What will be the state of the United States in the near and distant future?
This question is of particular interest to me as a proud yet concerned citizen of the United States. The state of our country is important with regard to domestic issues (jobs, Social Security, civil rights, etc.) as well as international issues (diplomacy/conflicts, international commerce, outer space activity, etc.). Indeed, all of these issues affect the daily lives of all Americans. If I could accurately predict the future state of the US, I would be able to make informed career decisions and lifestyle choices in a manner that would benefit me in the long run.
Today, professionals ranging from financiers to educators to politicians constantly seek to anticipate future fluctuations in the state of the United States. One common method for predicting the future is to conduct thorough analyses of the past. For example, investors scout out past trends in various stocks’ performance that might be indicative of future behavior. Similarly, historians conduct in-depth studies of landmark historical events, primary source documents, and public policy to understand how/why individuals and institutions reacted to social changes in the ways that they did. Since much of the human experience is rooted in a few common ideologies, understanding the past can provide insight into how American society may evolve in the future.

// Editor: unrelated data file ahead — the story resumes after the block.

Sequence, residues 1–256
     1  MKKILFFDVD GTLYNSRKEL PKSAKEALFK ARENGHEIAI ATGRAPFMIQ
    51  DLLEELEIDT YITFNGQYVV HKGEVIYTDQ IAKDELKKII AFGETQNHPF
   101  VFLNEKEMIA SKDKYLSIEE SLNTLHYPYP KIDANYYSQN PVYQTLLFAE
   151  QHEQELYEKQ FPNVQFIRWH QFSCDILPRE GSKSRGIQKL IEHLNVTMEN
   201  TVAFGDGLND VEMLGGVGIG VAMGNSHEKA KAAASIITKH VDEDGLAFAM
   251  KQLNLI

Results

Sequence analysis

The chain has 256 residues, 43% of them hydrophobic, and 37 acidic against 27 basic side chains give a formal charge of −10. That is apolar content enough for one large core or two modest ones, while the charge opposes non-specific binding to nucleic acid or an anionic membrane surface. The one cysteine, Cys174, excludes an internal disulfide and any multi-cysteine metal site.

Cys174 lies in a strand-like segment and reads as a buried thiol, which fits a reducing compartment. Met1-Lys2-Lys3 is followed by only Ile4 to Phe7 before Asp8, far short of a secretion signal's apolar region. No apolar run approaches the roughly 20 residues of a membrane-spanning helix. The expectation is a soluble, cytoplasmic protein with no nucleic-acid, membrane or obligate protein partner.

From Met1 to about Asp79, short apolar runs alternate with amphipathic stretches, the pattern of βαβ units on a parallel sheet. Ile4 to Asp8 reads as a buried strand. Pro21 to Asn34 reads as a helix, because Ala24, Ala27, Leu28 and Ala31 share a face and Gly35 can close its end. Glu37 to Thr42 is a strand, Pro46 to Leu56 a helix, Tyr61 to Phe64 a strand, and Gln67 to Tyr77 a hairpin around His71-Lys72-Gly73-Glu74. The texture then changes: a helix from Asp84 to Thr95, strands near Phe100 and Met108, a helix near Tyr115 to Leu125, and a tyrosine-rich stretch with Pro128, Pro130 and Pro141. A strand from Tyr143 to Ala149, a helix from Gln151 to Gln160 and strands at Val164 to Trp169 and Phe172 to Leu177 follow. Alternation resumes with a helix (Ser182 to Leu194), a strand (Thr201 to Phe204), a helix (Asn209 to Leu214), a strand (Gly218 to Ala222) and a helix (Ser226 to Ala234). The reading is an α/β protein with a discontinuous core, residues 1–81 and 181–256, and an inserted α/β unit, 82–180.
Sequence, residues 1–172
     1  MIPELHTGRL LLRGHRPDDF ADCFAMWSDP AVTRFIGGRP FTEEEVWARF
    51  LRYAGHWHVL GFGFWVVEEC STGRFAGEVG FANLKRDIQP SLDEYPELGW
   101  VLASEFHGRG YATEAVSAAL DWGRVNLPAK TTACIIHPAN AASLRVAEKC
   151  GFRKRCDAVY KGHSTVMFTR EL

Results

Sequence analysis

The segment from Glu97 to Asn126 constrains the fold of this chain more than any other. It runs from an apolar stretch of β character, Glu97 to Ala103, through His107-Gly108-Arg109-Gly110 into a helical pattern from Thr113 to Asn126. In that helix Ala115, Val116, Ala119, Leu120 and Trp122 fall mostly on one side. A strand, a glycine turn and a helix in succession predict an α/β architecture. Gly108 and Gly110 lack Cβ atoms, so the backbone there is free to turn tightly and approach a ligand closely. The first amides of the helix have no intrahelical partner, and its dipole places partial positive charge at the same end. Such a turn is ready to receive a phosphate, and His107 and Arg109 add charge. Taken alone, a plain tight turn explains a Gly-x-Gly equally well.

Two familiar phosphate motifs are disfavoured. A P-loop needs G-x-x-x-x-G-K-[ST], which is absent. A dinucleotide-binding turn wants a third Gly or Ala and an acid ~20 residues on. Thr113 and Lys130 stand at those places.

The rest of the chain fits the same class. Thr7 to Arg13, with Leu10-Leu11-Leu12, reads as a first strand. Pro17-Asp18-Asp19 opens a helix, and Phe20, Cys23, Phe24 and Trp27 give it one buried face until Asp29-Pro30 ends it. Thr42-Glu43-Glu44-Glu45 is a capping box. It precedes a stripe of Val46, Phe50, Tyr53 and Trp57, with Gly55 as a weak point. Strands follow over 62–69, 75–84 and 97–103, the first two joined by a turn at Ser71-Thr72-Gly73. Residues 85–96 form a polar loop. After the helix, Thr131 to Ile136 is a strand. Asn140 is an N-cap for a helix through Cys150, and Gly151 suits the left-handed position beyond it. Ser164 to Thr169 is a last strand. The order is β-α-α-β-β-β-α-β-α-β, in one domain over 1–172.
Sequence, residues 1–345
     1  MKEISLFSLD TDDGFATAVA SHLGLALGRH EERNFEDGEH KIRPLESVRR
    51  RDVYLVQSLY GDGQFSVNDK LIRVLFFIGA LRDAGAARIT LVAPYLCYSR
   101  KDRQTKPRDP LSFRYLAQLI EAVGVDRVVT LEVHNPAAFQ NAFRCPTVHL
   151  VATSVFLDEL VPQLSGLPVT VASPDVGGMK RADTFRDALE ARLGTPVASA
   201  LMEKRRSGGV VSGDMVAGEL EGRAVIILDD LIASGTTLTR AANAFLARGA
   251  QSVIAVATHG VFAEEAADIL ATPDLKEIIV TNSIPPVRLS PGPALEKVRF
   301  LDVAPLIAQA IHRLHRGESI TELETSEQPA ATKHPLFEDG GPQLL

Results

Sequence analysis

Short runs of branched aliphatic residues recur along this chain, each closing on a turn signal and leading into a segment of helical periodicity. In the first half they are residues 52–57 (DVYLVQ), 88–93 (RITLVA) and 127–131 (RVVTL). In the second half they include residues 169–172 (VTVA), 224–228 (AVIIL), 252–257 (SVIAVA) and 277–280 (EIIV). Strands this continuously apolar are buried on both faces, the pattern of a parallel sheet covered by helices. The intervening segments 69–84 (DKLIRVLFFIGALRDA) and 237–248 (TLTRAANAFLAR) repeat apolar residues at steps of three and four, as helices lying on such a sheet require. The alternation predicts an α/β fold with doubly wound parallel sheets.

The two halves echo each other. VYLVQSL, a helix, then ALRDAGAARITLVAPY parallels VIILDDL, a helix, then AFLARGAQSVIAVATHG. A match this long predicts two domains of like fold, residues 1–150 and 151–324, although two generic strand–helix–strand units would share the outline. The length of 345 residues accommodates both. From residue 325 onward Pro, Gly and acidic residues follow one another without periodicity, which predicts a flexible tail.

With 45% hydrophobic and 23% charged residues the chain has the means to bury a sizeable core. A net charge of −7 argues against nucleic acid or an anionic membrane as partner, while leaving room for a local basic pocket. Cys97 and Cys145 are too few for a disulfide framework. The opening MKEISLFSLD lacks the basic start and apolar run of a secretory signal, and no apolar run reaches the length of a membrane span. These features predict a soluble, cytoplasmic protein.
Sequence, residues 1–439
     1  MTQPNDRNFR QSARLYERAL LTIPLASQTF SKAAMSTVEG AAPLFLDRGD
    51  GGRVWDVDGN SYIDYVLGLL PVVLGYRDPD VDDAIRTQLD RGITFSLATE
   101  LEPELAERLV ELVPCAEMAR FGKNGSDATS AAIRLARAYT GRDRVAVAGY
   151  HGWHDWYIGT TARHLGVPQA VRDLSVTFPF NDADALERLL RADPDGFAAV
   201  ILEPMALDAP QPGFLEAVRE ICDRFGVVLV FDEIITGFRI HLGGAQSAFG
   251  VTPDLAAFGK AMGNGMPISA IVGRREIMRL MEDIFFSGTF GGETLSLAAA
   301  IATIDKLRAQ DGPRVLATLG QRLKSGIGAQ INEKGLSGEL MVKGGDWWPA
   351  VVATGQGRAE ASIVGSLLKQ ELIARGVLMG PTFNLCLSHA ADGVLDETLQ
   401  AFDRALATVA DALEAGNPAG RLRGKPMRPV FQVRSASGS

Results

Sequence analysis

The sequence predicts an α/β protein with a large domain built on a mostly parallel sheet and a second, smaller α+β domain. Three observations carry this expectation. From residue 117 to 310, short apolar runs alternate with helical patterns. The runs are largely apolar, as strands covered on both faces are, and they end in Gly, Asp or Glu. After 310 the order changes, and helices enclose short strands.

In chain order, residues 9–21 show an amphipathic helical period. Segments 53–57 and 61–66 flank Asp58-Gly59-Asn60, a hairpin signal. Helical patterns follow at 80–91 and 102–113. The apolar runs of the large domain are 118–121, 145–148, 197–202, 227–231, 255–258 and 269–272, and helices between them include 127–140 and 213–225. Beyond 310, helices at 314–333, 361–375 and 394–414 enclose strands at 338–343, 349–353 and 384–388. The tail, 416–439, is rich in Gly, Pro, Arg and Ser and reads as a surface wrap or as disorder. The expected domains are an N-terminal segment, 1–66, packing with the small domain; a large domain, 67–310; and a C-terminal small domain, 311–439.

An increasingly powerful tool for “predicting” the future is the analysis of massive quantities of data. According to this philosophy, the outcomes of important events in the United States–from presidential elections to sports games to crop yields–can be predicted by crunching numbers. Organizations like 538 pool survey data from thousands of Americans to forecast the winner of each election, which can have quite an impact on the future of the United States! The idea of using big data is that numbers are objective representations of real-life situations, whereas historical analyses can be subjective and/or biased. However, one crucial factor that numbers cannot always account for is human behavior, which can be unpredictable and is constantly modulating. Given the size and diversity of the American populace, fluctuations in human behavior are a crucial wild card that often precludes social scientists from developing accurate predictions of future popular mindsets.
Furthermore, evaluating the accuracy of one’s predictions is a fairly subjective matter in and of itself. For example, I predict that the price of Google stock will go up. The outcome of my prediction is of significance to both my personal financial well-being as well as to the financial well-being of many other investors in the US and around the world. Well, let’s say that for the next 2 weeks, Google stock ends up increasing by 5% every day, but then the stock price declines back to the original price over the next 4 weeks. Was my prediction accurate? You could reasonably argue both “yes” and “no,” depending on which time frame you considered. Some analysts would call Google “bearish,” while other analysts would say that Google has all the elements of being a high-return stock. If objectively determining the accuracy of a prediction is so challenging, the art of making a prediction becomes all the more muddled. Indeed, it is quite a challenge to predict the behavior of all these highly complex and integrated American systems, from the stock market to the political arena.
Nevertheless, the future of the United States is of great importance to me, and I shall continue to make predictions and speculations about where our nation will go from here.